Schools Are Traditional Polling Stations, But Some Want Out

Some communities will be left without easy spots for voting sites as some schools want to end their traditional role as polling places because of security concerns since the 2012 massacre at Sandy Hook Elementary School in Connecticut.

It's increasingly worrying to election officials as some schools grow louder with calls for moving balloting out of their buildings. Among them is the Glen Ridge School District, a prosperous community less than 20 miles from Manhattan where the Linden Avenue and Forest Avenue Elementary Schools are now closed to balloting.

Last year after administrators, police and an outside security consultant conducted a review in the wake of the December 2012 shooting in Newtown, Conn., the district strengthened access control. Additionally, the locked doors also were closed to voters. 20 first-graders and six adults were killed by a gunman who had shot his way into the locked Sandy Hook, and in Glen Ridge, leaving schools open to voters suddenly seemed too risky.

"After the Newtown tragedy, as you can imagine, we had many, many, many parents who were concerned about security on Election Day," said Elisabeth Ginsburg, president of the Glen Ridge Public Schools Board of Education.

While the middle and high schools weren't used as polling places, the district's two elementary schools house children in prekindergarten through second grade.

"Particularly the parents of very young children, you can imagine how Newtown resonated with them," she said.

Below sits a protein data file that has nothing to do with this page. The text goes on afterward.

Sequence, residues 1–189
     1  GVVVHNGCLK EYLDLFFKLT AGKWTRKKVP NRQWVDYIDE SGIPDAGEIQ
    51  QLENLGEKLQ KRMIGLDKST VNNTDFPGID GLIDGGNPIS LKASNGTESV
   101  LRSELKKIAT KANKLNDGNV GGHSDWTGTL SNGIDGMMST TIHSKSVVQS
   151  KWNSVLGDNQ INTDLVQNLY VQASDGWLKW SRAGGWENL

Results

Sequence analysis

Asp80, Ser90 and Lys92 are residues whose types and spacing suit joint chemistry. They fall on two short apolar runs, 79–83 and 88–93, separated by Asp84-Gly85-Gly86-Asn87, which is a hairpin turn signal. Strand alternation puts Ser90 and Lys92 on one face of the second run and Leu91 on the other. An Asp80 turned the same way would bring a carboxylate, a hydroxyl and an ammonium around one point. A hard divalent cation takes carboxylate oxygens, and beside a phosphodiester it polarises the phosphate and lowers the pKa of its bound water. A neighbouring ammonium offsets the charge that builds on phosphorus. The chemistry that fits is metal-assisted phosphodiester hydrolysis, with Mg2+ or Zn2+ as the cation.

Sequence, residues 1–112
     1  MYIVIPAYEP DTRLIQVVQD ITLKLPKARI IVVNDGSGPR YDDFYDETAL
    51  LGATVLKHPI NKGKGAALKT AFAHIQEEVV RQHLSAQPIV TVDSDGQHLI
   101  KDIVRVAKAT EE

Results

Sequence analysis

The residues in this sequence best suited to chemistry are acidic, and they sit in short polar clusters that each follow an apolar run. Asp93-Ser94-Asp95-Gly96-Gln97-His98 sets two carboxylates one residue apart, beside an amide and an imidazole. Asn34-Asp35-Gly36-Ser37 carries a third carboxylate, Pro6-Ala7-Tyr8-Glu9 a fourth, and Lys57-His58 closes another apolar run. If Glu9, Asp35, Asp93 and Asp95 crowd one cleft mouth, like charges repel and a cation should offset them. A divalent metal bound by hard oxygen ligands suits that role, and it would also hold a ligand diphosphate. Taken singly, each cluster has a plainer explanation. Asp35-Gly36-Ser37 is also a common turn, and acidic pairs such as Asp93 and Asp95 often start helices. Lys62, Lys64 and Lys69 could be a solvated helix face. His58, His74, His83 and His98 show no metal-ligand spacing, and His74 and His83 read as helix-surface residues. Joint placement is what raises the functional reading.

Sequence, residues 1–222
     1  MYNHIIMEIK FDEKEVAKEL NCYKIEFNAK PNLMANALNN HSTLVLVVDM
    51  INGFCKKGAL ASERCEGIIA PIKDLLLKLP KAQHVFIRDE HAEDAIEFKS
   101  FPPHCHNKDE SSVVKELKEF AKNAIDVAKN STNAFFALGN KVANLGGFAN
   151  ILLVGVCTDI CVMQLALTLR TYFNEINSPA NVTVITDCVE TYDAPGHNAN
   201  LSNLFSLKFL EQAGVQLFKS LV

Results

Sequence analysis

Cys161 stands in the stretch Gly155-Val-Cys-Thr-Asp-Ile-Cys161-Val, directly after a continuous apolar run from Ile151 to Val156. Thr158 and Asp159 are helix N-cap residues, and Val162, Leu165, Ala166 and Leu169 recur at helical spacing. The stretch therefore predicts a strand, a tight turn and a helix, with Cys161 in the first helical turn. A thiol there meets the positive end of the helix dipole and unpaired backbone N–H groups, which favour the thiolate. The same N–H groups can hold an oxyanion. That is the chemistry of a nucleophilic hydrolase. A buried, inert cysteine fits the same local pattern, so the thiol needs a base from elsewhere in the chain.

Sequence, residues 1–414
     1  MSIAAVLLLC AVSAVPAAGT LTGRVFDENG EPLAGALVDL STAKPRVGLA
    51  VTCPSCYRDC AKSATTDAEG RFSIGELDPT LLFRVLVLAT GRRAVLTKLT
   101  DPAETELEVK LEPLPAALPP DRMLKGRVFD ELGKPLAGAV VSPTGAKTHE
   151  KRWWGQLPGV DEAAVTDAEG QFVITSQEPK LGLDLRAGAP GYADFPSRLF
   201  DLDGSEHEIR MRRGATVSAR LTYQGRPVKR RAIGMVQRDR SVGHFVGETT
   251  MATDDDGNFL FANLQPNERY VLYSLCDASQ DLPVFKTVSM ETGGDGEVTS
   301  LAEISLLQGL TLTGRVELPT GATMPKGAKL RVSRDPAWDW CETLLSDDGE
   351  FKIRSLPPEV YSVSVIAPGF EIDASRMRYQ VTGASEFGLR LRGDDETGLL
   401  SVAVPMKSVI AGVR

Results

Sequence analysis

As Nedra Pickler of Associated Press reports, the attention of the Presidential Commission on Election Administration has been caught as similar moves have been made elsewhere. This month the commission plans to make recommendations to President Barack Obama about ways to improve access to the polls, and hope to encourage schools to stay open for voting, among many other suggestions.

"Schools are in many ways a perfect polling place because of accessibility concerns, they usually have adequate parking, they're large facilities, large rooms, they've historically been used as polling places, and they're ubiquitous," the commission's senior research director, Nathaniel Persily, told commissioners as he summarized months of research at their final public meeting on 3rd December. "The closing of schools poses a real problem for finding adequate facilities for polling places."

The elections director for South Carolina's Greenville County, Conway Belangia, struggled to find replacement sites after he had to move polling out of eight city schools this past year. He faced budget constraints to rent other facilities and said the move was a hardship on voters confused about the change. However, according to him, most voters understood the need, and it was clear to him after Sandy Hook that balloting didn't need to be in the schools.

"The schools have mandated that any visitor must go through a security check. That would be impossible for voters coming in to pass ballots," Belangia said in a telephone interview. "Hopefully those security measures will thwart shootings happening in this part of the country."

Obama's commission to address the matter as part of its goal of reducing long lines was encouraged by Doug Lewis, executive director of The Election Center, a nonpartisan, nonprofit organization representing the nation's election officials.

"Any consideration of forcing the election process to abandon schools as voting locations is likely to have one of the most dramatic impacts on the cost and conduct of elections in the U.S.," he said in written testimony.

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